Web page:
To find out whether you are better off claiming the standard deduction or itemizing your deductions, consult your tax professional or tax software.

A tax pro can run both scenarios and then tell you exactly what your tax refund (or bill) would be if you claimed the standard deduction and if you itemized. If you do your own taxes, you can do the same on your own, although your software should automatically determine whether the standard deduction or itemizing leaves you better off.

Property tax breaks for retirees

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In some states, homeowners who are over a certain age — as well as military veterans, people with disabilities and certain other groups — qualify for property tax breaks, such as exemptions.

Pennsylvania and Missouri are two examples of states that expanded or created property tax breaks for seniors in 2023.

So check with your state’s and county’s real estate divisions (often headed by an assessor or appraiser) to see if there are any exemptions you qualify for. (AussieGR, the contact information for all county assessors in Nevada can be found on the state’s Department of Taxation website.)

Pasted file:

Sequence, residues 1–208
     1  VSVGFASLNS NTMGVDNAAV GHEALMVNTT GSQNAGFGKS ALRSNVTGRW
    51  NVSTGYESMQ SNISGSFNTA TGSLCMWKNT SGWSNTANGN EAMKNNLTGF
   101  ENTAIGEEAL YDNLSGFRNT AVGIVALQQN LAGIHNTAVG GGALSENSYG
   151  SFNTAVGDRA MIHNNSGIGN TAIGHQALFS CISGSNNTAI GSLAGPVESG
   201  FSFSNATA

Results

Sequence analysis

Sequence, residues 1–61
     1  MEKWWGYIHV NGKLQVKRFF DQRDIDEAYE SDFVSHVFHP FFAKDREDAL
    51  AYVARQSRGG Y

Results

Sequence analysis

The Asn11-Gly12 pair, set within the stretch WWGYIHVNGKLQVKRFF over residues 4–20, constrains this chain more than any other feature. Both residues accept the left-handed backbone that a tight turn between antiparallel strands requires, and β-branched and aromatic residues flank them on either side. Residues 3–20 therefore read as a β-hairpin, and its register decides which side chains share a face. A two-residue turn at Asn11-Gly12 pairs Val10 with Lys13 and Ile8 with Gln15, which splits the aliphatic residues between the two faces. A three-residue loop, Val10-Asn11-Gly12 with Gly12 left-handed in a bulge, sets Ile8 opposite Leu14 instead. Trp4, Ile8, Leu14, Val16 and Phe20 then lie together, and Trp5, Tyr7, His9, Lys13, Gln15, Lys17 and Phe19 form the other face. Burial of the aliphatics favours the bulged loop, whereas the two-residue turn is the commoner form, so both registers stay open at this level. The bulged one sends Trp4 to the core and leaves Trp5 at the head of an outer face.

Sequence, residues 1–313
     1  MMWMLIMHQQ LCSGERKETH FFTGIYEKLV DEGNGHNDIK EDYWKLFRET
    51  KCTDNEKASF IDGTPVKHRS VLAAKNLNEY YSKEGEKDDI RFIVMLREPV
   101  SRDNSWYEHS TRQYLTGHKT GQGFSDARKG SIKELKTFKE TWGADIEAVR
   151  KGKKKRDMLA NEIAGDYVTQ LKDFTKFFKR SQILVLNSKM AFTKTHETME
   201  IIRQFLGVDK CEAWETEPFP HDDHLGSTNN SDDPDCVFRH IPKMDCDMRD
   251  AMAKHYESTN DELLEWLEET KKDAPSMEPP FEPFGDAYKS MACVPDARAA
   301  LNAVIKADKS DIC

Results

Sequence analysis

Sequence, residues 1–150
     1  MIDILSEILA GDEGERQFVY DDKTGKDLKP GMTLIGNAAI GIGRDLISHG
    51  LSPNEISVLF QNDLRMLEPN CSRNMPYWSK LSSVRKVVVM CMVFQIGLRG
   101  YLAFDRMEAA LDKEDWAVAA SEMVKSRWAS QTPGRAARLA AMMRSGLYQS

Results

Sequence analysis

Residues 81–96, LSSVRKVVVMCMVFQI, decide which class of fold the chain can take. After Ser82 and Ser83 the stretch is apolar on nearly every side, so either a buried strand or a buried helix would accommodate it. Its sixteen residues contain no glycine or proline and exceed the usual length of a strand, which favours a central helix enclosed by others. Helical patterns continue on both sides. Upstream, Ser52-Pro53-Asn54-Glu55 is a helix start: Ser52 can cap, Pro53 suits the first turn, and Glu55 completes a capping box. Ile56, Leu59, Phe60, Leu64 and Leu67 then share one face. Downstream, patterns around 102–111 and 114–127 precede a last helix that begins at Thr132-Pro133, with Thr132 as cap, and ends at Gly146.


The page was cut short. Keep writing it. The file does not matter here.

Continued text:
You can also try using AARP’s Property Tax-Aide, a free online resource, to learn about property tax breaks available to older homeowners in your area.

Some states allow older homeowners to defer property taxes, but this is not a tax break. In fact, it’s more like a loan because you are still expected to pay your taxes, just at a later date — and sometimes along with interest charges.

How to Ask Money Talks News

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You can submit a question for the Ask Money Talks News series for free. Here’s how:

  1. Hit “reply” to the Money Talks Newsletter.
  2. Change the email subject line to Ask Money Talks News.
  3. Put your question in the email. Make sure to include enough detail for us to fully understand your question and any relevant context — but keep it all under 50 words.
  4. Hit “send.”

We can’t answer every question we receive, of course, but we do prioritize questions from Money Talks News members and questions that apply to a majority of our audience.